As the leading provider of ethics and compliance cloud software, Convercent connects ethics to business performance by weaving ethics and values into everyday operations in more than 600 of the world’s largest companies. Its Ethics Cloud Platform, provides a suite of applications: Convercent Insights, Convercent Helpline, Convercent Campaigns, Convercent Disclosures and Convercent Third Party. For more information go to Convercent.com.

Internal Reporting

The 2012 FCPA Guidance had as clear, concise and short a statement about hotlines as any other requirement found in Ten Hallmarks of an Effective Compliance Program. It stated, “An effective compliance program should include a mechanism for an organization’s employees and others to report suspected or actual misconduct or violations of the company’s policies on a confidential basis and without fear of retaliation.”

The Evaluation reinforced this language with the following found under Prong 7, Confidential Reporting and Investigation, Effectiveness of the Reporting MechanismHow has the company collected, analyzed, and used information from its reporting mechanisms? How has the company assessed the seriousness of the allegations it received? Has the compliance function had full access to reporting and investigative information? 

But more than simply hotlines, companies have to make real efforts to listen to employees. But you must spend time working on this issue. You need to have managers who are trained on how to handle employee concerns; they must be incentivized to take on this compliance responsibility and you must devote communications resources to reinforcing the company’s culture and values to create an environment and expectation that managers will raise employee concerns.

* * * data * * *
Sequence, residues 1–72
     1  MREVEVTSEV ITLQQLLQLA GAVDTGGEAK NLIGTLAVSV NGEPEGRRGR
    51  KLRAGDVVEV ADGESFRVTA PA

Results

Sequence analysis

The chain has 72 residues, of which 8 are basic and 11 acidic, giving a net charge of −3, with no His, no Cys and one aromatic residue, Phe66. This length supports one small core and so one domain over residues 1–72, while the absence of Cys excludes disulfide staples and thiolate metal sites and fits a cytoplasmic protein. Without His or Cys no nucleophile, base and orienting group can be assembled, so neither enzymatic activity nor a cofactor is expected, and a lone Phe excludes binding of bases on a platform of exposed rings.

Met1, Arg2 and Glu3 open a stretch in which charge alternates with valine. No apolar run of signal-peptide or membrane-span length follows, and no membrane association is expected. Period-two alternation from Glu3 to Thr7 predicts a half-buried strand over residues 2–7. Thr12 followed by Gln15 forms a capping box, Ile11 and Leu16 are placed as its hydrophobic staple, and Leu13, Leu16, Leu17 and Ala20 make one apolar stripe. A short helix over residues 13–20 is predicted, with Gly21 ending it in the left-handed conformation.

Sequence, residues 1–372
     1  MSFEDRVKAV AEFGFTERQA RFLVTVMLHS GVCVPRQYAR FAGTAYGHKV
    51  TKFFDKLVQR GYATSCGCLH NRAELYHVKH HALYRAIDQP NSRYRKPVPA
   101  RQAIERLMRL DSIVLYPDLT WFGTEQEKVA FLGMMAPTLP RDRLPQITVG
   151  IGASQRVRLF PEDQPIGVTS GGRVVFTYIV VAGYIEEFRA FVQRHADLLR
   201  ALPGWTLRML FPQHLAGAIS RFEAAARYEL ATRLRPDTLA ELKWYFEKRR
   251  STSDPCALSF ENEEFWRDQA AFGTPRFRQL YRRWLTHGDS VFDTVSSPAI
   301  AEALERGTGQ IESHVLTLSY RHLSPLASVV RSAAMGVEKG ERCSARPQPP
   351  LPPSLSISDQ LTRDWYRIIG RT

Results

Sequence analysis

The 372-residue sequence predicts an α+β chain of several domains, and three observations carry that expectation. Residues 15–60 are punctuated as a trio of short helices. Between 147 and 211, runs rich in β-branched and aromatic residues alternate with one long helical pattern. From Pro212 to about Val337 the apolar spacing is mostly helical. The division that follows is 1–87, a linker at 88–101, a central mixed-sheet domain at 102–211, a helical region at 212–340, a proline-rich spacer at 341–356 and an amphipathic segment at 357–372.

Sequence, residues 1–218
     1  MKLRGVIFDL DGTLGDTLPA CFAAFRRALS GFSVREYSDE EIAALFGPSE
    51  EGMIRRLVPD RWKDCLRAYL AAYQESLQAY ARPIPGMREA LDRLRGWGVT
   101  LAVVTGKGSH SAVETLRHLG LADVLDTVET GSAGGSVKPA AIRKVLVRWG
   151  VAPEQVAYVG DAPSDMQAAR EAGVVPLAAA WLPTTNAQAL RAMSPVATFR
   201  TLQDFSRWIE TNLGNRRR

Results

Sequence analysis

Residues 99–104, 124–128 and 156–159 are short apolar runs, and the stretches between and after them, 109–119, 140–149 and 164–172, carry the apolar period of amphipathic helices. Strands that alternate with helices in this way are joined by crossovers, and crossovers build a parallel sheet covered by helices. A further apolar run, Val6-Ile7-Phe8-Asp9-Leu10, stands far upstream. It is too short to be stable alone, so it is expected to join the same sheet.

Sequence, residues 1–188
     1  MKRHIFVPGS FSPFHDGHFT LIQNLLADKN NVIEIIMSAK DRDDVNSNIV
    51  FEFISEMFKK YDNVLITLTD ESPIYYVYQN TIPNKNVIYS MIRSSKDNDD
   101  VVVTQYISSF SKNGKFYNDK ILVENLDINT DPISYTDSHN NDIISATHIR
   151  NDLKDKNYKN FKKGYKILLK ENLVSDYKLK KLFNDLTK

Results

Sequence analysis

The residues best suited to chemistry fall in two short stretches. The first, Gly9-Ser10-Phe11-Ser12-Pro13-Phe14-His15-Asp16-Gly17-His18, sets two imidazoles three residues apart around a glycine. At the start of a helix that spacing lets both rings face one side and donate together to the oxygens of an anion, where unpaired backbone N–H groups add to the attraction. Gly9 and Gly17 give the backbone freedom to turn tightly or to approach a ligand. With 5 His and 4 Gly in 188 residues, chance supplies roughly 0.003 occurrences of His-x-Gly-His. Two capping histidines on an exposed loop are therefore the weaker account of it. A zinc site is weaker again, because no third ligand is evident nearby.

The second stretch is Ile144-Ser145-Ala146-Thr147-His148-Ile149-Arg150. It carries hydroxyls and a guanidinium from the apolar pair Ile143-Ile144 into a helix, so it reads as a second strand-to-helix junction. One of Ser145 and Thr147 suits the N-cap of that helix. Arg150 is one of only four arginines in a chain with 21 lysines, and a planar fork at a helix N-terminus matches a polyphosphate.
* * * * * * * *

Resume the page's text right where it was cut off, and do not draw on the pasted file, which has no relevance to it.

What are some of the best practices for a hotline? I would suggest that you start with at least the following:

  1. Availability-your reporting mechanism can be easily accessed by your entire employee base. This may require more than one tool, such as telephone report, internet reporting and other mechanisms.
  2. Anonymity-there must be a manner to make reports anonymously if the reporter so desires.
  3. Escalation-you must have a protocol or mechanism to take any reports up the chain if they warrant being heightened within the organization.
  4. Follow-Up­-there must be a sufficient follow up protocol to make sure any reported events is receiving the warranted attention. There should also be a way to deep the incident reporter informed as to the progress of the matter within your investigative protocol.